UGENTO

An inhabited centre in the Salento peninsular, in the area facing the Ionian Sea, is where one will find Ugento immersed in land cultivated with olives and vineyards.

It was a Messapian centre called Ozan, founded at the end of the Bronze Age (XV Century BC). The presence of man on its territory however, is testified at the end of the High Palaeolithic period (14.000 years ago) in the villages of Bocca, Pozzo Zecca and Cesira. From Neolithic times, there is the Menhir of Terenzano and finds uncovered in the grottos of Artanisi and Don Cirillo.
The centre enjoyed its maximum splendour with the Messapians, as shown by the extension of the Ciclopiche Walls (Cyclopean Walls - 9 kms long, of which 5kms are still preserved) and the fact that Ugento minted its own currency.
During this era, the City became one of the principal ports of the Mediterranean and crucial node for merchandise exchange via ship.
Beginning in the VI Century BC, a process of Hellenisation began with customs geared to the rise of the powerful Greek colony of Taranto; with which the Messapians were frequently at war and often victorious.
Faced with the newborn power of Rome, the two enemies became allies as the Greek-Messapian League, and called Pirro, King of Epiro, to face the Romans. The King brought back weak victories, which became proverbial but saw his early return home, leaving freedom to the Romans (270 BC).
Devotion to the new power could not have been immediate however, if the arrival of the leader Hannibal in Puglia saw the population’s support of this invader (end of III Century BC). For this reason, it was harshly punished by Rome, which anyhow later granted the status of Municipium to the City after the Civil Wars (82 BC).
The end of the Empire brought devastation through Visigoth and Vandal invasions and Ugento was also destroyed by the Ostrogoths in 545 during clashes with the Byzantines of Belisario (535-553).
It was conquered by the Byzantines (553) and suffered weak political administration, favouring Eastern territories at the expense of Puglia.
In ‘842 and 924, it was besieged and plundered by the Saracens.
The arrival of the Normans coincided with the siege and conquest of Ugento. The new nobles saw construction of the Castle on the site of the previous Roman Castle in ruins.
Ugento passed firstly under the Swabians (1194) and then the Angioini (1269), which saw its economic decline that lasted for centuries.
In 1430 it was destroyed through orders from Queen Giovanni II of Naples.
The 4th August 1537, saw the City become a victim of Turkish attack from the sea. In defence, the Spanish sovereigns decided to erect numerous lookout towers, which today still characterise the territory and coast of Salento.
The coastal area suffered a process of submersion, determining its abandonment by the population, who moved further inland to higher ground.
Ugento was then owned by numerous nobles until the abolition of feudality in 1806.
Ugento is dominated by its Castle with a trapezoidal plan (XIII Century, then re-adjusted during the ‘700s) and by a beautiful Cathedral, dedicated to the Assumption (1745, later rebuilt after destruction by the Turks).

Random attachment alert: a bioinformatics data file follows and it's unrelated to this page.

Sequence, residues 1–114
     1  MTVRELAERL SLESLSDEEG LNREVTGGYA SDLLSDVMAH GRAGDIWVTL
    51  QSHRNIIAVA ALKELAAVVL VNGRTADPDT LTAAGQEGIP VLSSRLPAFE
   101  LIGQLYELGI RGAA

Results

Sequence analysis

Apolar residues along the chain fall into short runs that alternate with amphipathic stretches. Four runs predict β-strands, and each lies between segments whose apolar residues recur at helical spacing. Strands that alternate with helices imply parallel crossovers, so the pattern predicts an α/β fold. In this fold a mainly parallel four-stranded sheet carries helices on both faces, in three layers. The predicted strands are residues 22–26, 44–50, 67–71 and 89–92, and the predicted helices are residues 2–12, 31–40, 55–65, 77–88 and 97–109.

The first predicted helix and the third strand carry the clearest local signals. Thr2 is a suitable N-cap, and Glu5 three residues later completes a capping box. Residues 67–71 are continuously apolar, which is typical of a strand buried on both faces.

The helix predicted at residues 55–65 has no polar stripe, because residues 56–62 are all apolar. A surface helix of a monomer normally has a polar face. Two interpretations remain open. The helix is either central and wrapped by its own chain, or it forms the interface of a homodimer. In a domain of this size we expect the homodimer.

The Benedictine Monastery (‘500s), S. Anthony of Padua (‘400s) and the Madonna of the Light Sanctuary (1576), complete the visit to the main religious monuments of Ugento.
From the City’s old splendour, one can admire the Messapian Walls and the Acropolises, first nucleus of the City.
There are two buildings worth mentioning and visiting in the City: Palazzo Gigli and Palazzo Colosso, which hosts a collection of archaeological finds.
Outside the City, one can enjoy an interesting visit to the Basilican church of Santa Maria del Casale (XII Century).

UGENTO
Art City

Puglia (Apulia) region of Italy

 

City Guide
art profile

Travel in Ugento
Ugento hotels

 

Art Cities in Apulia
Bari
Andria
Barletta
Brindisi
Foggia
Lecce
Taranto
Trani
More Art Cities in Apulia
Acaya
Alberobello
Alezio
Altamura
Ascoli Satriano
Bisceglie
Bitonto
Bovino
Calimera
Canosa
Casarano
Castel del Monte
Castellaneta
Ceglie Messapica
Cerignola
Cisternino
Conversano
Copertino
Cutrofiano

Francavilla Fontana

Galatina
Gallipoli
Gioia del Colle
Giovinazzo
Gravina
Grottaglie
Isole Tremiti
Locorotondo
Lucera
Maglie
Manduria
Manfredonia
Martano
Martina Franca
Massafra
Melendugno
Melpignano
Mesagne
Modugno
Molfetta
Monopoli
Monte Sant'Angelo
Nardò
Ostuni
Otranto
Parabita
Peschici
Poggiardo
Polignano a Mare
Putignano
Ruvo di Puglia
San Ferdinando di Puglia
San Vito dei Normanni
San Severo
Specchia
Terlizzi
Tricase
Troia
Ugento
Vico del Gargano
Vieste
Archaeological Sites
Egnazia
Ordona (Herdonia)
Oria
Siponto

In Italy Today
Italy Guides:
> Art Cities
> Full List
> Italy Regions
Exhibitions Events
Hotels B&Bs

 


ART TRAVEL LINK - SELECTED WEB SITES

  • Your TravelSite - http://www.yoursite.com
    Description of the site.
  • ... ask to put your link here!

 


Vuoi inserire un LINK?
Hai un HOTEL o un'altra attività legata al TURISMO IN ITALIA?

Promuovilo nella pagina della tua città dentro IN ITALY TODAY!
OFFERTE PROMOZIONALI PER I PRIMI LINK

Art Travel directory

SUGGEST AN ART/TRAVEL-SITE

 

In Italy Today loves art

© IN ITALY HOTELS NETWORK